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Entry date: 12-10-2022 - Certifiably Alarmed - Letters to My Friends

Dear Friends,

Happy Saturday.

As the week came to a close, I was both relieved and petrified.

Relief, I think, comes in many forms. There is something about looking at the week and realizing you have done a lot of work that is very satisfying. My students were busy little beavers this past week and we all felt some relief yesterday around 3pm.

They worked hard on a project for social studies where they are exploring different states. It will culminate during the last few days before our winter break with some presentations and a bit of writing about the states they have been researching all week.

For many of my students, it was difficult for them to have a bit of autonomy on what they were learning about their states. I didn't give them a set group of questions they had to answer, but a wide ranging guide of the types of information they could learn. Many of the students embraced this power over what they were researching, but a few were clearly befuddled by it.

This is what petrifies me. My students struggle with thinking critically about information. I know I have written about this a few times before during this year, but it is truly scary how we are not teaching our young people to think for themselves and look at life with a questioning eye. My kids often accept what I tell them as fact and then immediately dismiss it if it is not of importance to them.

I keep hearing the same excuse from fellow educators that the pandemic has set the kids way back and I should not be as shocked as I am about the lack of skills my fourth graders possess. What's worse, though, is that there is no expectation of accountability with so many of these kids and their parents.

To be honest, I don't look forward to the conversations I will have in January about why little Johnny and little Debbie are failing. They don't do any work, so they don't get the grades. Participation trophies are not a part of the curriculum and half of these kids who don't do anything don't even try to participate. They are just a bump on a log that talks.

I am not bitter, though. I am hopeful. I'm tough on them, but they will thank me later. Maybe they won't thank me for a few years, or ever, but that's okay. They will learn to think this year and learn that when they put effort in, it will end up better than when they do not.

Another reason I am hopeful is that my class is full of very creative little minds. One of my students told me the other day that I couldn’t call home because their parents only spoke Japanese. This made me chuckle. We had talked, as I mentioned, about the history of the Pearl Harbor attack earlier that day. If we have been talking about some other incident with another country, I wonder if that would be the language they spoke at her home.

On the same day, one of my students told me I couldn’t call their home because their mom only spoke Spanish. They know, by now, that my Spanish is pretty limited, so I think she thought this would discourage me. She was wrong and her mom and I had a really nice conversation. Mom was really happy to know that she didn’t speak English, too. I bet there was an interesting exchange later that day in that particular home.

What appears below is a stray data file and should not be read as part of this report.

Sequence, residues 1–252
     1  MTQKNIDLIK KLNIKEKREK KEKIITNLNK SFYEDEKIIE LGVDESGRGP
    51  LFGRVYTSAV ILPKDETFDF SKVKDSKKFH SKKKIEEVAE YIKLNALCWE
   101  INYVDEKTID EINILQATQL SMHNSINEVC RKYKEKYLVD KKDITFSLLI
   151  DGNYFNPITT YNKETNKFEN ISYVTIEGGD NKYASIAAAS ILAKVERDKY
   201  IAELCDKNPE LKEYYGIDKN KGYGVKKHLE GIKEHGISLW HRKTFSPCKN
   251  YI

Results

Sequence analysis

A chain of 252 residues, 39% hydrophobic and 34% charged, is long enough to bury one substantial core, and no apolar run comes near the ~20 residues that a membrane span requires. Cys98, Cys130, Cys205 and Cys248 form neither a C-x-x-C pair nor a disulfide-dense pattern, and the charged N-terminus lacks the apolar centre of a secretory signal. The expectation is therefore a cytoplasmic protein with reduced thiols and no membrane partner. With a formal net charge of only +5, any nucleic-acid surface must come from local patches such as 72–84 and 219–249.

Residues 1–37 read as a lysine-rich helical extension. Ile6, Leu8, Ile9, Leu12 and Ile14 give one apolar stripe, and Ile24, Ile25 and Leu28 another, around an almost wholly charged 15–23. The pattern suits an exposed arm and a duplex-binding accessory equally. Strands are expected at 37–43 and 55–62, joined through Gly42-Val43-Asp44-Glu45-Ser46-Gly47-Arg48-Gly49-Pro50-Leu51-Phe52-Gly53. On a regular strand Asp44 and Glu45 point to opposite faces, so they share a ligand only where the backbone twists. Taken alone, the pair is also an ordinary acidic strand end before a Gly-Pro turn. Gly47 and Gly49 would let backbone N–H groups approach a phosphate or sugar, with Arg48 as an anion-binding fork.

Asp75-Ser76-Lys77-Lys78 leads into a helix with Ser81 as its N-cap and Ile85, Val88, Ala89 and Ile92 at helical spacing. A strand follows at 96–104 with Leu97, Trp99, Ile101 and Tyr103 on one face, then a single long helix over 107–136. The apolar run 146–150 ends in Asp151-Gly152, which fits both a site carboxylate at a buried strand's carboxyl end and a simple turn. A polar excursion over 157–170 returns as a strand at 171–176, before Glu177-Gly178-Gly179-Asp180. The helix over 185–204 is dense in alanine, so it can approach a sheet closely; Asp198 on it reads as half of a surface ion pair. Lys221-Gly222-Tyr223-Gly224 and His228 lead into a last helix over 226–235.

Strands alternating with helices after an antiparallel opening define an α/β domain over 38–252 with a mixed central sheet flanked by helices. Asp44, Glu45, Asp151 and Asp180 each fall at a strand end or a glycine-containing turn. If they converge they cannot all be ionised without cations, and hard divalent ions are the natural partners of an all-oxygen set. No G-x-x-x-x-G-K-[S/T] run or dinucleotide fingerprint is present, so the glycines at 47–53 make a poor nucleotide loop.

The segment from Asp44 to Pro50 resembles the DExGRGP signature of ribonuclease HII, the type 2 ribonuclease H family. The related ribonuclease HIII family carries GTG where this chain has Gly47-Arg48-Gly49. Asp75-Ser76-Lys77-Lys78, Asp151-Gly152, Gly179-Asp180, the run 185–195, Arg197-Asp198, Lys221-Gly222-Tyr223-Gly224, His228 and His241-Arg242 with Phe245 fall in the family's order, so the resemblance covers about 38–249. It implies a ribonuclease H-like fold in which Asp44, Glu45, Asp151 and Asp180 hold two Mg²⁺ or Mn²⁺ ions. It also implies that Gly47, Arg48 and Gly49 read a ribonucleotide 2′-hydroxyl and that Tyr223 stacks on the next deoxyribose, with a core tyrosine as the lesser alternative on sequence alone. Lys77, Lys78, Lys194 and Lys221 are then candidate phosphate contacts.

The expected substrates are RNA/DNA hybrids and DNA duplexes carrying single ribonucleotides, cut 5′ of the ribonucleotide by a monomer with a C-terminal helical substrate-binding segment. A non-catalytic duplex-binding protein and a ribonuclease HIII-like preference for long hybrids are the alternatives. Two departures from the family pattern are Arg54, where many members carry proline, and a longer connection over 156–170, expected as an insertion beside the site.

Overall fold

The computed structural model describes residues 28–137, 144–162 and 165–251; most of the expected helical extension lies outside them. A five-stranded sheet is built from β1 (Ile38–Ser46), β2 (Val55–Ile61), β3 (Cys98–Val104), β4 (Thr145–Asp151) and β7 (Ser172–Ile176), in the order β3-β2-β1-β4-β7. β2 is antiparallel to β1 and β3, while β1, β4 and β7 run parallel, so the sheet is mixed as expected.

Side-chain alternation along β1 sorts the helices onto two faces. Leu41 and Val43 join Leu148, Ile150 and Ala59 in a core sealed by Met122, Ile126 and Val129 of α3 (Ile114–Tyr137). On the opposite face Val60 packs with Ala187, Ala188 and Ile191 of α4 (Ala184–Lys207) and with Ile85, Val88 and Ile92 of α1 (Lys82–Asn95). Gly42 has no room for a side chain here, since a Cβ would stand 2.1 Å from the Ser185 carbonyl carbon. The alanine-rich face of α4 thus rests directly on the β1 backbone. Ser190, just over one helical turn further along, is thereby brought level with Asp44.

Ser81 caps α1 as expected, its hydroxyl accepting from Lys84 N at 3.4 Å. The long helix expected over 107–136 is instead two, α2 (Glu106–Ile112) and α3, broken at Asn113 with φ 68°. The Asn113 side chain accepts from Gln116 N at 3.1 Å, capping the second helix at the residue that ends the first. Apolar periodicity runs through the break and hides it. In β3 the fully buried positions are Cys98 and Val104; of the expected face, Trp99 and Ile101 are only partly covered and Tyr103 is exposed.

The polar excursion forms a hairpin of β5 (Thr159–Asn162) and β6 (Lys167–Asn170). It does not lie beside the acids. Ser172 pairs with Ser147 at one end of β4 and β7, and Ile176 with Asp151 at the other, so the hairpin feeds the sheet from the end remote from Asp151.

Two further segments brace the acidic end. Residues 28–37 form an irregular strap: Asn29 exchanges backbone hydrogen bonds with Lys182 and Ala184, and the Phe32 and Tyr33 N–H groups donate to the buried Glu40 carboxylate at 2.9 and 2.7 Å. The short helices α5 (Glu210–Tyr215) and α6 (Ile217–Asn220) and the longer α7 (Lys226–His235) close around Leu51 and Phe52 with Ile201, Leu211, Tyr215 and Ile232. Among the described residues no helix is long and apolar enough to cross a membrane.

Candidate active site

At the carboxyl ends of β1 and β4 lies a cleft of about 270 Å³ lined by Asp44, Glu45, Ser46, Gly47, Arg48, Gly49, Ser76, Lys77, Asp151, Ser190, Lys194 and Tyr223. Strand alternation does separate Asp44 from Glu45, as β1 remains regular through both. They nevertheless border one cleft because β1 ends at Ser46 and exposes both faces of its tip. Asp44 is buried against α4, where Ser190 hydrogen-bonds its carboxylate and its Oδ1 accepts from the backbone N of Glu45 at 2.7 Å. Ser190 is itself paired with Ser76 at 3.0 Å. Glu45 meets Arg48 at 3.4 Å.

I realize that some of the calls could result in my students being abused. I was sweating it out during the week before this one because I had to make a call home and then I didn’t see the student for the rest of the week. He assured me when he came back that he had been ill, but I was worried that my call may have resulted in a bruise he couldn’t cover.

These are the types of things I think about when I share bad news with parents. From what I have seen so far, there are indications I have a good group of parents. It’s a good thing to have them on your side, as you can imagine. I only had one nightmare parent last year and I think I wrote about her. She should have been an attorney.

We start all over again on Monday, though. It will be a new week with new challenges. We don’t have testing to complete this week, so that will make it more of a regular schedule. This means more planning for me and I’m good with that. The basic skills are calling and the overall plan for our grade is to do a lot of review.

I learned yesterday, for example, that about half a dozen of my kids (by their own admission) don’t know how to read a clock and are unaware of what the big and little hands mean. They didn’t understand my joke about knowing when it was time for bed at Michael Jackson’s house. I’m kidding, of course. I would never tell a joke like that to children, but still. They are almost ten years old and don’t know how to read a clock.

I have to stop comparing the kids to my 2nd graders last year, but I don’t know how to stop doing that. When you spend all day with them, it is hard not to look at where I had my kids last year by May and wear these kids are halfway through to the fifth grade. I know that my teacher friends can commiserate.

I’m done talking about work on a Saturday, though. I hope the weekend is amazing for everyone and I plan on taking it easy today if I can. It would be nice. I have a bit of writing to do and that’s that.

Hopefully the Suns won last night, too, but I doubt they did. I’ll be happy if I have to eat some crow about that last sentence. That would make my Friday night, for sure…well that, and some quality time with friends and family.

See you tomorrow.

Lunch time yesterday.

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